So rather than keeping audiences entertained regularly, audiences are clearly becoming more occasional customers. Underneath that general trend are some interesting changes in the demographics of cinema attendance. It is no secret that Hollywood movies are made for teenagers. Teens are a huge chunk of the cinema audience. But, the biggest change in the repeat attendees is in the teen market, which has been in steady general decline since the 70’s. Which part of the market is going to be most impacted by price rises? Go on: guess!

ATTENDANCE RATE
(% BEEN TO THE CINEMA IN THE LAST 12 MONTHS)

FREQUENCY
(AVERAGE NO. VISITS PER YEAR)

Graph: Cinema audiences attendance rate by age, 1974-2012. The table following provides the data.
Graph: Cinema audiences frequency of visits by age, 1974-2012. The table following provides the data.

 

Another way to look at this is in the proportion of the population going to cinemas in the age demographics. Below you can see the 14-17 and 18-24 age groups are overrepresented as cinema goers, this starts to even out in the 25-34 group (also known as the settling down and going out less demographic), is at parity in the 35-49 group (also known as the parenthood has stolen my social life demographic), and people over 50 clearly don’t like all the loud noises.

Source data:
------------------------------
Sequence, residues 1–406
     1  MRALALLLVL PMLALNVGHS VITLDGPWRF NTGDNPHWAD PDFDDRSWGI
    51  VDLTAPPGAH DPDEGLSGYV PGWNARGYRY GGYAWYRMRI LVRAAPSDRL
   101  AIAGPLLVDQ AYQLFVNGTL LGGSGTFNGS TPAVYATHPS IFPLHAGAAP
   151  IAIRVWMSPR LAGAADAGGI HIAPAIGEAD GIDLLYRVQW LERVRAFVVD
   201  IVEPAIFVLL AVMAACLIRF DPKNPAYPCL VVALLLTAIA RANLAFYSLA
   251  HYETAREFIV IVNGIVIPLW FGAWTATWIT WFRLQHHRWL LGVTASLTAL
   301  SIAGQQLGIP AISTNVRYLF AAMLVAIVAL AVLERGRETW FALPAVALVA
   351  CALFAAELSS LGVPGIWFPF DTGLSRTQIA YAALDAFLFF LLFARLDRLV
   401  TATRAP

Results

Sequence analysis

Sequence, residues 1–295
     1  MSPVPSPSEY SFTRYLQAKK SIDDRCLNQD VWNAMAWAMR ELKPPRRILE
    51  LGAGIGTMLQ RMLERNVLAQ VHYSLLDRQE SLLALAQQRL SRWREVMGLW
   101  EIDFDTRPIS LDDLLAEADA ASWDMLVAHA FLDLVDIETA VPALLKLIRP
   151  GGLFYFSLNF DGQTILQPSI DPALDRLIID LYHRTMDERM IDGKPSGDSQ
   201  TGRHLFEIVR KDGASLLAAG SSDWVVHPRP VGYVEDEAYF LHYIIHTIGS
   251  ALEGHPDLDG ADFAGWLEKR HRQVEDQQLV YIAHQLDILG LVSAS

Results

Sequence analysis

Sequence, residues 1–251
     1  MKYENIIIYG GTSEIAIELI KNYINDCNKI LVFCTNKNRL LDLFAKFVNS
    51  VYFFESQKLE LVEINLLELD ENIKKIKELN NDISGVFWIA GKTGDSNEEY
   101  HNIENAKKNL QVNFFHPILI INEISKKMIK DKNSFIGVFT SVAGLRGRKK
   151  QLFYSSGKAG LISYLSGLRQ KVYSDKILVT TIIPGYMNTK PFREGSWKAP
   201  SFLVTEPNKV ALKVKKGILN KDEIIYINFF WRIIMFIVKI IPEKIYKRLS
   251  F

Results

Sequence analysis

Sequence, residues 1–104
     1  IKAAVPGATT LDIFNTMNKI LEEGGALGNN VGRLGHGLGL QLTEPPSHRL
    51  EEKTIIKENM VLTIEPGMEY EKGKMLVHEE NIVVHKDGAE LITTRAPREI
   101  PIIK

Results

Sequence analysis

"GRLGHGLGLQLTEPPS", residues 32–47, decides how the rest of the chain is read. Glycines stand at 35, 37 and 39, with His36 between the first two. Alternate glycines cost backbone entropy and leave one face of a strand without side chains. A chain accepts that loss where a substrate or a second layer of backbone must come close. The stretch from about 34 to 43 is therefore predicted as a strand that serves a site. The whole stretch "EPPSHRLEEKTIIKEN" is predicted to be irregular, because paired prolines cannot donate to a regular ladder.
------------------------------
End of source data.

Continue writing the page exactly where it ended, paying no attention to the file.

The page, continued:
AGE PROFILE OF CINEMA-GOERS COMPARED TO THE AUSTRALIAN POPULATION
OVER THE AGE OF 14, 2012

Graph: Age profile of cinema-goers compared to Australian population, 2012. The table following provides the data.

So while the proportion of the population that have been going to the cinema each year has been pretty steady across the entire population, it is the number of times people go that is making the difference, especially in that much coveted teen “I want to see explosions and car chases” market. (Interesting aside: when you look at the age group breakdowns you do see that the over 25 audience since the 70’s have generally increased in their likelihood to attend the cinema, but this has been static for most demographic groups since the mid 90’s.) To put some hard numbers on that difference in the number of times a teen goes to the cinema each year, in 1974 the 14-24 demographic averaged 16.4 visits to the cinema, in 2012 that had dropped to 6.6 visits.

Obviously there are a lot of changes in the marketplace that have occurred over this time. TV has expanded, cable TV is a thing now, home rental or ownership of movies is a thing (VHS succeeded by DVD, now being superseded by Streaming, which will probably be superseded by actors coming to your house to perform on demand), computer games have grown in leaps and bounds, the internet, all vying for our attention and wallets. Just look at the change in households with various alternatives to cinema (NB: the game consoles data doesn’t tell the full gaming story, see this for more about that market):